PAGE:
Advocates are optimistic that Kenney, who faces task of rolling out reforms, will hear their concerns
Nov 01, 2008
Lesley Ciarula Taylor
As the secretary of state for multiculturalism, Jason Kenney was omnipresent at ethnocultural events and instrumental in redressing Canada’s historical wrongs to various minority groups – earning him the trust and respect of immigrant communities.
Now the government is hoping that, as the new immigration minister, the young MP for Calgary Southeast will be able to use his strong ethnic ties to roll out the controversial immigration reforms rammed through by his unpopular predecessor, Diane Finley. Those reforms were contained in a budget bill passed during the final days of the last Parliament to further restrict immigrant selections.
However, Kenney’s appointment to the cabinet post Thursday also came with hopes by advocacy groups and the ethnic communities. They hope he will address their concerns over what they see as a dramatic shift in immigration policies that increasingly view newcomers as an economic unit, wanted for nothing more than their job skills.
“He’s very engaged with the community. He came out to a number of events and listened to different groups and took the leadership on the government’s Chinese head tax redress initiatives. We appreciated that,”
said Victor Wong, executive director of the Chinese Canadian National Council.
“The expectation is he will be able to hear us out on our deep concern over (the immigration changes), take that into account, and not just be led by the bureaucrats in the immigration department.”
Thomas Saras, president of the National Ethnic Press and Media Council, said Kenney organized a meeting, at his request, with Prime Minister Stephen Harper two weeks into the election campaign, and that the opposition parties weren’t as responsive.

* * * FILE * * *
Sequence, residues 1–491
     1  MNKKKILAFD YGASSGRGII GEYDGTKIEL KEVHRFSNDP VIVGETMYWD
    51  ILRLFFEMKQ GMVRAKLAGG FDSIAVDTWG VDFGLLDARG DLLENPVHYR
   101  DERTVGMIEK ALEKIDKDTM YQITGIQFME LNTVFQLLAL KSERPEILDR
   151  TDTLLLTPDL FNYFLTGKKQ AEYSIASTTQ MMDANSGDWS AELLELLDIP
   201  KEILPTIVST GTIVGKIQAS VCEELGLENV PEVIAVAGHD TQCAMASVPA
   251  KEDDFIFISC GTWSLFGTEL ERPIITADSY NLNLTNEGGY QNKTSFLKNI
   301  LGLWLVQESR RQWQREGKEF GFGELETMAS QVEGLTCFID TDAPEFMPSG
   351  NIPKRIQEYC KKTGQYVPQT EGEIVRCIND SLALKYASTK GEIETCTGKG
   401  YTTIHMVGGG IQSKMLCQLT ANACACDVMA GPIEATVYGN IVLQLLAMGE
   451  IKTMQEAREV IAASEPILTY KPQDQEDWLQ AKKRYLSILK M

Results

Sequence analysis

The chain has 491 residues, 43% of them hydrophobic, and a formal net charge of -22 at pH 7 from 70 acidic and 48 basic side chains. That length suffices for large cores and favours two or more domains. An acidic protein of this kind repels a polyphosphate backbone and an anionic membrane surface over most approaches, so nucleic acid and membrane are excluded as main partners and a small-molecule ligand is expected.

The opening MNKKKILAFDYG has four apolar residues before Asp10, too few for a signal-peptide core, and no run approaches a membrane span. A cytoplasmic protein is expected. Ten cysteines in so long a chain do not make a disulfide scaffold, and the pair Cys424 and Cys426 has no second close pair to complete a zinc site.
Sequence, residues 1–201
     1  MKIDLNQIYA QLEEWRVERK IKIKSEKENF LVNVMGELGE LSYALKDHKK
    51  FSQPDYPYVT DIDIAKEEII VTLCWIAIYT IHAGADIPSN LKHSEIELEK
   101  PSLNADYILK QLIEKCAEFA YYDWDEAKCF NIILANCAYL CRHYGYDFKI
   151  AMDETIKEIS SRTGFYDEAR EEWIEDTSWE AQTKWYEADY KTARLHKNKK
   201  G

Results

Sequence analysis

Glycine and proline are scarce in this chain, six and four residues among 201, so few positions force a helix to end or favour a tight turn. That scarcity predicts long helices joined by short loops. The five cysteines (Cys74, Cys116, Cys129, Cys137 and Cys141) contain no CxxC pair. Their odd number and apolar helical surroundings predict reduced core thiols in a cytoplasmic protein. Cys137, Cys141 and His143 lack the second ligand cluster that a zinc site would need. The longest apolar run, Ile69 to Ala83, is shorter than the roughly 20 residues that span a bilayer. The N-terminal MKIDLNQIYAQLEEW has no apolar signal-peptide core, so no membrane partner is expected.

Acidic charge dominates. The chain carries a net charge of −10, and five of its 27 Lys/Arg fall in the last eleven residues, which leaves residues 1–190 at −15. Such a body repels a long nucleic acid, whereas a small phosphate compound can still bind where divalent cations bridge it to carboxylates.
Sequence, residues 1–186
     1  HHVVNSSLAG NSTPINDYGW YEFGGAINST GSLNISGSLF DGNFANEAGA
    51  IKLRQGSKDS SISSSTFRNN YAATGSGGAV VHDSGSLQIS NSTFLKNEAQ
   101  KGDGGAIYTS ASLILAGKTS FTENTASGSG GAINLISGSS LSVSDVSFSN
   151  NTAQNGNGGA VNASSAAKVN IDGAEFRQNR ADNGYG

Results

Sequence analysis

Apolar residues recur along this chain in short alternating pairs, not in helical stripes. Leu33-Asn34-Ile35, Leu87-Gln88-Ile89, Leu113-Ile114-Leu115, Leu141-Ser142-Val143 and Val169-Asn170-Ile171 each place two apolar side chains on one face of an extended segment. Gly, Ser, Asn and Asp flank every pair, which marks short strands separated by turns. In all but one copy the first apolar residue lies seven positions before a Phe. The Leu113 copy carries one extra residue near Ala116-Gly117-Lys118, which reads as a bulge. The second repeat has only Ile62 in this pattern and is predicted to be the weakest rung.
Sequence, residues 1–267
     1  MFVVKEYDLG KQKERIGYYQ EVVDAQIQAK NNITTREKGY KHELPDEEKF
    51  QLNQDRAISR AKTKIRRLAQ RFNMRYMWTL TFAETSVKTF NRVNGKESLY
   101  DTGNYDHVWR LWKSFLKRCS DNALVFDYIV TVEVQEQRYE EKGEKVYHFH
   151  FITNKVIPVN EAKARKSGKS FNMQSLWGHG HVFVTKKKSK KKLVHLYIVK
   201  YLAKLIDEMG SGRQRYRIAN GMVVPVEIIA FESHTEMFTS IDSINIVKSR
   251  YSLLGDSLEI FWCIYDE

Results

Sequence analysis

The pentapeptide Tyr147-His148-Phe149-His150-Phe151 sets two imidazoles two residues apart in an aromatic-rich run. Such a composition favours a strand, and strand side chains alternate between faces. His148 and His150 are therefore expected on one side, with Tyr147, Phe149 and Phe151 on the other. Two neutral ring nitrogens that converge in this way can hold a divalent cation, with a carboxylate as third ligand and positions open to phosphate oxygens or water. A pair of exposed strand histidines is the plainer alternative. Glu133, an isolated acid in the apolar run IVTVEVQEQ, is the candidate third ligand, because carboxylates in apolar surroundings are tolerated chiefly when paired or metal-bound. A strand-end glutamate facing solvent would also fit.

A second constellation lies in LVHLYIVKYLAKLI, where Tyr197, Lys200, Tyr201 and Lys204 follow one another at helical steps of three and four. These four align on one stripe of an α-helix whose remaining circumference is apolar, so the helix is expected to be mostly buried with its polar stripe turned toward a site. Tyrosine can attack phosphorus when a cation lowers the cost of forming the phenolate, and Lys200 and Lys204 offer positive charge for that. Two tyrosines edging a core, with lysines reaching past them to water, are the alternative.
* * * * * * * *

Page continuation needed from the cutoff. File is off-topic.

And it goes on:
“I do believe he’s the type of politician who pays attention to what the other side is saying. He’s one of the very few politicians who is down to earth. I trust Jason and I believe we are going to make some improvements,” Saras said.
Kenney is a familiar face to Canada’s growing Filipino community, which was particularly impressed when the then-state secretary of multiculturalism attended a community function in August and shared the stage with Juana Tejada, a nanny who was denied permanent residency in Canada because she had cancer.
“What we are concerned with is the policy of the federal government under Harper of taking in a big number of temporary foreign workers,”
said Hermie Garcia, editor of The Philippine Reporter. “In a lot of cases, these workers work under wages that are very much below the common standard in Canada. Their working conditions and living conditions are very substandard, too. This is a shabby way of treating foreign workers.”
Garcia added: “If Jason Kenney would like to have an impact on the immigrant population, he should be able to make real significant changes” for temporary foreign workers.
Sima Sahar Zerehi, an organizer of the grassroots campaign against the immigration changes, said Kenney’s appointment signals the government’s attempt to use his reputation among immigrants to silence opposition to the immigration changes.
“This is part of an ongoing tendency for the government to reduce immigration issues to congratulatory messages to minority groups,”
Zerehi said. “I think the government is feeling the pressure to repackage the immigration reforms and better communicate them to the public.”
Although Janet Dench of the Canadian Council for Refugees knows little about Kenney, she said the new minister already has his work cut out for him.
Kenney, she said, must address the refugee backlog through timely appointments to the Immigration and Refugee Board and immediately establish the promised refugee appeal division that was approved before Parliament’s dissolution. The minister should also increase the number of UN refugees resettled in Canada, Dench said.
Reference: Toronto Star